What is HIPAA?
HIPAA, which stands for the American Health Insurance Portability and Accountability Act of 1996, is a set of rules to be followed by doctors, hospitals and other health care providers. HIPAA helps ensure that all medical records, medical billing, and patient accounts meet certain consistent standards with regard to documentation, handling and privacy.
It is the responsibility of MEIGER Health employees, contractors, business associates and volunteers to preserve and protect confidential patient, employee and business information.
Confidential Patient Care Information includes any individually identifiable information in possession or derived from a provider of health care regarding a patient’s medical history, mental, or physical condition or treatment, as well as the patients and/or their family member’s records, test results, conversations, research records and financial information.
Most of us believe that our medical and other health information is private and should be protected, and we want to know who has this information. The Privacy Rule, a Federal law, gives you rights over your health information and sets rules and limits on who can look at and receive your health information. The Privacy Rule applies to all forms of individuals’ protected health information, whether electronic, written, or oral. The Security Rule is a Federal law that requires security for health information in electronic form
The HIPAA Rules apply to covered entities and business associates.
Individuals, organizations, and agencies that meet the definition of a covered entity under HIPAA must comply with the Rules’ requirements to protect the privacy and security of health information and must provide individuals with certain rights with respect to their health information. If a covered entity engages a business associate to help it carry out its health care activities and functions, the covered entity must have a written business associate contract or other arrangement with the business associate that establishes specifically what the business associate has been engaged to do and requires the business associate to comply with the Rules’ requirements to protect the privacy and security of protected health information. In addition to these contractual obligations, business associates are directly liable for compliance with certain provisions of the HIPAA Rules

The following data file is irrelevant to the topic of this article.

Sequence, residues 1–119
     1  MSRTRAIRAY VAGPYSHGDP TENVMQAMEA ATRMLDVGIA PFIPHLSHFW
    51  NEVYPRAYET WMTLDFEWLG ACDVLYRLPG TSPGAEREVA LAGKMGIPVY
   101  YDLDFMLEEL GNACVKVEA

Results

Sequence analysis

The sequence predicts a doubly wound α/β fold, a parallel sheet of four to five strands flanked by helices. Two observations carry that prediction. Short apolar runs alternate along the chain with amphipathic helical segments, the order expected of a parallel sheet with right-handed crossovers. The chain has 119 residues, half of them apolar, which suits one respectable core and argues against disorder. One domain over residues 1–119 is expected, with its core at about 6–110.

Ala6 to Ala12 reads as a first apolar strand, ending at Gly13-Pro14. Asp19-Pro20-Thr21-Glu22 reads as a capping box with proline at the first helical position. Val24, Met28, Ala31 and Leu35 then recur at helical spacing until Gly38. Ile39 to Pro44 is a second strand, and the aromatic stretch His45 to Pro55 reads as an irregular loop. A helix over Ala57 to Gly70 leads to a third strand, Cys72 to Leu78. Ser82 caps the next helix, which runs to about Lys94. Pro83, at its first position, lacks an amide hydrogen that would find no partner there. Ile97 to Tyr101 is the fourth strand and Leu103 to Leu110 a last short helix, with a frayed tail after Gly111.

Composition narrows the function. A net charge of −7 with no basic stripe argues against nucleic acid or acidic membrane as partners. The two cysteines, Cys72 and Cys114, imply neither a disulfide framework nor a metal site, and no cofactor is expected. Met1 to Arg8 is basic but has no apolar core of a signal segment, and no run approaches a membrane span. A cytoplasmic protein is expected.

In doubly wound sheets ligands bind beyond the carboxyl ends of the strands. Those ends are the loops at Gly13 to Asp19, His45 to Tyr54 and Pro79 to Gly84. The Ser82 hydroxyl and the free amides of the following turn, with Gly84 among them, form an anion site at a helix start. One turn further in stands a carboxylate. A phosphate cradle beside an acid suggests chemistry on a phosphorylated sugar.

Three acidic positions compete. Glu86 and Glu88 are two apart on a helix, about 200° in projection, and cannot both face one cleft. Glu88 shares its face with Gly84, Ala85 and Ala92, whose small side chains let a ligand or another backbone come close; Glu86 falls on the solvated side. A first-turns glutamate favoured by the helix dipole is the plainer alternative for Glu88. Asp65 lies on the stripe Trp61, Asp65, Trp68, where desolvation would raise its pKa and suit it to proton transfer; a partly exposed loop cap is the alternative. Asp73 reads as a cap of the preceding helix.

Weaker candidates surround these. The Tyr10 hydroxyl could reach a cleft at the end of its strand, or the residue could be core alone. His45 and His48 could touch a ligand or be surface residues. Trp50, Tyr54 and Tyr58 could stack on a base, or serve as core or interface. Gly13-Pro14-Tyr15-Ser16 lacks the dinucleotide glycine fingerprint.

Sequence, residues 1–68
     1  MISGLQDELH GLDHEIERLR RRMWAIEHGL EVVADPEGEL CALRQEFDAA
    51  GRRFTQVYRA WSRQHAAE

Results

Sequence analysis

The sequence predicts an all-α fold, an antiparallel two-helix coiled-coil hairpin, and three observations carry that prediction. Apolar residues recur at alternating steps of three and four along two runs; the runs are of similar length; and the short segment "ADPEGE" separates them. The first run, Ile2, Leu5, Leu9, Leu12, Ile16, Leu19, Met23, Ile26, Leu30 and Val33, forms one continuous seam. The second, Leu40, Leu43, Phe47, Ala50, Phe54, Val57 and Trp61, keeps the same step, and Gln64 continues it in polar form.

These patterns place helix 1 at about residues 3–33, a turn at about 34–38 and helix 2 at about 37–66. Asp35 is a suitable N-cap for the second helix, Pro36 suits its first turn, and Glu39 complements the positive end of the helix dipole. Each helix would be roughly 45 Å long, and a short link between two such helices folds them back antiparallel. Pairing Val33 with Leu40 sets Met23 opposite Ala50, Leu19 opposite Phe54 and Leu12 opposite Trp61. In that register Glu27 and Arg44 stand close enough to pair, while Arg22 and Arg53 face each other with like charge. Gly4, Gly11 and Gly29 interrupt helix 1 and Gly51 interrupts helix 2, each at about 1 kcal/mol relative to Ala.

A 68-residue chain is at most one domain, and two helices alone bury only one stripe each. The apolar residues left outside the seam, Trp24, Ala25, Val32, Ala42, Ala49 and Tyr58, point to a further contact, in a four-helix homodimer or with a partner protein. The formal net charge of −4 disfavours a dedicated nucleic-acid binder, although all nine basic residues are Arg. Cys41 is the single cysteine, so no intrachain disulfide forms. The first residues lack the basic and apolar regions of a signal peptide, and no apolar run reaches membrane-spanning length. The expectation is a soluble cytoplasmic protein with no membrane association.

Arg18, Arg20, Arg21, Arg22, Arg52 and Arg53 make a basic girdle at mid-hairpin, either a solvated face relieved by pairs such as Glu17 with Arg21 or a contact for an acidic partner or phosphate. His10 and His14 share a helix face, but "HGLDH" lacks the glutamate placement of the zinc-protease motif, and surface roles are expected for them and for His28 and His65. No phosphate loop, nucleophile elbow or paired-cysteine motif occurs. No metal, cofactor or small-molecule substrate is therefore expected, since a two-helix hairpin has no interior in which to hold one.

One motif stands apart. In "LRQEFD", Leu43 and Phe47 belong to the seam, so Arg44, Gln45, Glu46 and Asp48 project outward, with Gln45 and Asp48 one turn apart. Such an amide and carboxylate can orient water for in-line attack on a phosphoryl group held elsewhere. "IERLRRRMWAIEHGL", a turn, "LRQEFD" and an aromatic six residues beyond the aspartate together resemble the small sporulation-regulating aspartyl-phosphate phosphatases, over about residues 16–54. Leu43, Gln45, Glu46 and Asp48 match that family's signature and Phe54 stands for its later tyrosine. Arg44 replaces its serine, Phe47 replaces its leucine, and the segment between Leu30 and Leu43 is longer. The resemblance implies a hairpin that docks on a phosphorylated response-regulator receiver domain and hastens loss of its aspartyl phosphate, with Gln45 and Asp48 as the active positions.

What does the HIPAA Privacy Rule do?
Most health plans and health care providers that are covered by the new Rule must comply with the new requirements by April 14, 2003.
The HIPAA Privacy Rule for the first time creates national standards to protect individuals’ medical records and other personal health information.
- It gives patients more control over their health information.
- It sets boundaries on the use and release of health records.
- It establishes appropriate safeguards that health care providers and others must achieve to protect the privacy of health information.
- It holds violators accountable, with civil and criminal penalties that can be imposed if they violate patients’ privacy rights.
- And it strikes a balance when public responsibility supports disclosure of some forms of data – for example, to protect public health.
For patients – it means being able to make informed choices when seeking care and reimbursement for care based on how personal health information may be used.
- It enables patients to find out how their information may be used, and about certain disclosures of their information that have been made.
- It generally limits release of information to the minimum reasonably needed for the purpose of the disclosure.
- It generally gives patients the right to examine and obtain a copy of their own health records and request corrections.
- It empowers individuals to control certain uses and disclosures of their health information.